Motorola Inc reported a surprising quarterly profit on better-than-expected demand for its higher-margin smartphones, vindicating its strategy of relying on Google Inc's Android software system.

The results were also helped by a decline in sales of Motorola's unprofitable, cheaper cellphones, and the company forecast current-quarter earnings per share in a range that could beat average analysts' estimates.

Motorola's shares rose nearly 5 percent in Thursday morning trading and have gained 18 percent since late January as investors were more willing to bet on its turnaround prospects despite stiff competition from rivals like Apple Inc's iPhone.

The smartphone market is set to become even more crowded with the entrance of Hewlett-Packard Co, which on Wednesday announced a deal to buy Palm Inc [ID:nN28209016].

I think they're doing the best they can in a very competitive market, RBC Capital Markets analyst Mark Sue said, adding that investors were encouraged that Motorola was accelerating its exit from less advanced phones.

Motorola said on a conference call that its mobile devices business would be able to report a profit in the fourth quarter of 2010, its first in years as the unit phases out cheaper phones in favor of more profitable smartphones.

The mobile devices division still posted an operating loss of $192 million in the first quarter, but this was much narrower than its loss of $545 million a year earlier.

Motorola Co-Chief Executive Sanjay Jha, who heads mobile devices, said total phone volumes would decline this quarter even as smartphones sales increase sequentially, resulting in an improvement in operating losses.


Motorola said sales of smartphones, such as the Droid, rose to 2.3 million from 2 million in the fourth quarter, driven by demand in North America and China, where it said it sold the most Android phones of any vendor. Motorola has reorganized its entire mobile devices business around the Google software.

It posted a first-quarter profit of $69 million, or 3 cents per share, compared with a loss of $231 million, or 10 cents a share, in the same quarter the year before.

Excluding items, profit per share was 2 cents compared with average analyst expectations for a loss of 1 cent per share, according to Thomson Reuters I/B/E/S.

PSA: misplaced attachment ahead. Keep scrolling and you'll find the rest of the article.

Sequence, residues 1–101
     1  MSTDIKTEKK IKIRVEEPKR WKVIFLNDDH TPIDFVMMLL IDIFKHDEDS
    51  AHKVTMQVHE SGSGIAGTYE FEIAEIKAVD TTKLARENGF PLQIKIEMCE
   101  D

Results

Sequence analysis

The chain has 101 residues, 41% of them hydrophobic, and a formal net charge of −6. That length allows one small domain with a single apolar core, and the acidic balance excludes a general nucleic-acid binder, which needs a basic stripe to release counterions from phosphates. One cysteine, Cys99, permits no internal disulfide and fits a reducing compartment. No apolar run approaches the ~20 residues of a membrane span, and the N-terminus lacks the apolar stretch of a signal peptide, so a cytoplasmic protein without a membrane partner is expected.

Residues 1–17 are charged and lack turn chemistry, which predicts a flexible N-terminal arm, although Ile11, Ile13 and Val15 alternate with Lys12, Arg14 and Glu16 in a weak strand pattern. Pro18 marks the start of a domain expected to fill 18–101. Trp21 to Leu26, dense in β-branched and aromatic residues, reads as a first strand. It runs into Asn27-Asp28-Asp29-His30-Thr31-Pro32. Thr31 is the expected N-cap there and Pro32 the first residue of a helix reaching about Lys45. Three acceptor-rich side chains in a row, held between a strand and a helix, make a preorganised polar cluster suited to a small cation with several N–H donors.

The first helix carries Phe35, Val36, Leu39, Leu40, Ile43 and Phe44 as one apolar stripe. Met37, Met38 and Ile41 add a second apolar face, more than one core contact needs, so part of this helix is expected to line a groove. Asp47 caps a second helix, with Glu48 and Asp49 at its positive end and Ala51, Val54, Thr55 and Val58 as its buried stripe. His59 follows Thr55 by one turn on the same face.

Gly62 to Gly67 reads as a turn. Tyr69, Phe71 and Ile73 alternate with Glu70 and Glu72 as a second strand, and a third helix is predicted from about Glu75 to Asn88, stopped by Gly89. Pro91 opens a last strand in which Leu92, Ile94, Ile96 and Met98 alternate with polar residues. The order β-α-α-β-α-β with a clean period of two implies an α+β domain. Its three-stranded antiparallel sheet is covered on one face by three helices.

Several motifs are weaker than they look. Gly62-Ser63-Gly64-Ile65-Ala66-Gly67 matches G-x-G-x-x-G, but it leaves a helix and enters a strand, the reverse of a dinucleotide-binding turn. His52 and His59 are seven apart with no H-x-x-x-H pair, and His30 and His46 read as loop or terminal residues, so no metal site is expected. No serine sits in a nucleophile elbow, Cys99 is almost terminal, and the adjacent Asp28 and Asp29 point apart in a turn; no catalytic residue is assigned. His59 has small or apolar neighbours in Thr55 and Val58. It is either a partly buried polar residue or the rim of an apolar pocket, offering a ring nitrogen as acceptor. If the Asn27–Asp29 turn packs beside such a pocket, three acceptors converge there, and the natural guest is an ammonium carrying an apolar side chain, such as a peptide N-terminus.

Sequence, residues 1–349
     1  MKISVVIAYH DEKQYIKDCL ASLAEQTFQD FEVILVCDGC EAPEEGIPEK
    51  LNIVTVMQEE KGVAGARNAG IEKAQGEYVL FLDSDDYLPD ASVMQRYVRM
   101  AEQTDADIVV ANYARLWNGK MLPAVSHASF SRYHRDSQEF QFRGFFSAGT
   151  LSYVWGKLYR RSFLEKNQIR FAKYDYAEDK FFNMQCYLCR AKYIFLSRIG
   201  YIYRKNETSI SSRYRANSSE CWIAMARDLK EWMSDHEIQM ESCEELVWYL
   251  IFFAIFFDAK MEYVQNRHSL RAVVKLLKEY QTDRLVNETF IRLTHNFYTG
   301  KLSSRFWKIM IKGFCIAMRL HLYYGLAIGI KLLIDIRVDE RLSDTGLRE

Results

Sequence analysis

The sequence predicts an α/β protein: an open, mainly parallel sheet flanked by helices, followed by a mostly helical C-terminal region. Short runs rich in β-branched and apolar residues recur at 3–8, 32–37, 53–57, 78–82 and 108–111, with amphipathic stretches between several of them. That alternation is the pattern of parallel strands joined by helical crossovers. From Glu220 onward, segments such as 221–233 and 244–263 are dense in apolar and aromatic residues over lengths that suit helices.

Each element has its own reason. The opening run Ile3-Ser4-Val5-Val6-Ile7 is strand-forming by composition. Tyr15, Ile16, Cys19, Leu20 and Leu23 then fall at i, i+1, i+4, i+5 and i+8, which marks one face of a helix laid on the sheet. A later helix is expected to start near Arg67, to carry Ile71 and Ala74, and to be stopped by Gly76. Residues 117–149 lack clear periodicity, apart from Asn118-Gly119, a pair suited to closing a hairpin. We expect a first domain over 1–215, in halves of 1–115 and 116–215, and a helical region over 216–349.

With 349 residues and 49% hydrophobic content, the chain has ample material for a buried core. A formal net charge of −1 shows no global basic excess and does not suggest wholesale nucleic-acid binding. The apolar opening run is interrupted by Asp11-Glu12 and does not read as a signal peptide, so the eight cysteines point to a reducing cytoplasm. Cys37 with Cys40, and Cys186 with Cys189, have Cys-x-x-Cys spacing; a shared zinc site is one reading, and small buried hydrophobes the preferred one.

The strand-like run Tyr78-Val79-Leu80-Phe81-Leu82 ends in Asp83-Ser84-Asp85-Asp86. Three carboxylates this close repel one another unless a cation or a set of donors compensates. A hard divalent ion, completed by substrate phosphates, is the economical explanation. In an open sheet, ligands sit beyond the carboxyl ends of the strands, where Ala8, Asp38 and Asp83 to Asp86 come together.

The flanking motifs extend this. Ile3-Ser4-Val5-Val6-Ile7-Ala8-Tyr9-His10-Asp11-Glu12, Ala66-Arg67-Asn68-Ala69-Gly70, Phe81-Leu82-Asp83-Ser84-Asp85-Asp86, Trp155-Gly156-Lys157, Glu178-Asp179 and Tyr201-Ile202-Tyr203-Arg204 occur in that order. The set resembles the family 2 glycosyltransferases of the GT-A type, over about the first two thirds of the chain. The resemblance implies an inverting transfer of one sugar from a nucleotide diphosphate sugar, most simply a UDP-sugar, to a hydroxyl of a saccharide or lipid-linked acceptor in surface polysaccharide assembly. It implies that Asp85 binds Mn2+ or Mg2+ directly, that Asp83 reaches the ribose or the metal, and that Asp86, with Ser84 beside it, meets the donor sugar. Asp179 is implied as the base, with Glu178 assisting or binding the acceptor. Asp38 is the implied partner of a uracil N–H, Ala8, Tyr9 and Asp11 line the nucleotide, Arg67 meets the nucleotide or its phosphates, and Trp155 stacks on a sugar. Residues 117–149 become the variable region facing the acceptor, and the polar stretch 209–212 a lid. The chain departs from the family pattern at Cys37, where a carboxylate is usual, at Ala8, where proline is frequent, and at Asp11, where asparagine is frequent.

The results were also helped by a better-than-expected profit in Motorola's network equipment business, which saw an increase in operating earnings to $112 million from $62 million in the same quarter the year before.

Avian Securities analyst Matthew Thornton said Motorola's first-quarter profit was especially good news after a weak report from handset market leader Nokia last week.

It was a good quarter in the face of cautious expectations, he said, adding that Motorola's cash generation of $455 million was a good sign ahead of its plan to separate into two companies early next year.

The smartphone numbers look good and the profitability looks good and they generated nice cash, he said.

Overall revenue fell 6 percent from a year earlier to $5.04 billion, and compared with the average forecast of $5.098 billion.

Motorola sold 8.5 million phones, short of the average forecast of 10.2 million from nine analysts contacted by Reuters, and 14.7 million phone sales in the same quarter a year earlier.

Motorola forecast current-quarter earnings per share of 3 cents to 5 cents, including expenses for stock-based compensation and amortization of intangibles. That compares with the average Street forecast of 3 cents per share according to Thomson Reuters I/B/E/S.

The company changed its estimate for 2010 smartphone sales to a range of 12 million to 14 million from its previous guidance for 11 million to 14 million.

Motorola shares rose about 30 cents, or 4.2 percent, to $7.25 on New York Stock Exchange

(Reporting by Sinead Carew; Editing by Derek Caney and Maureen Bavdek)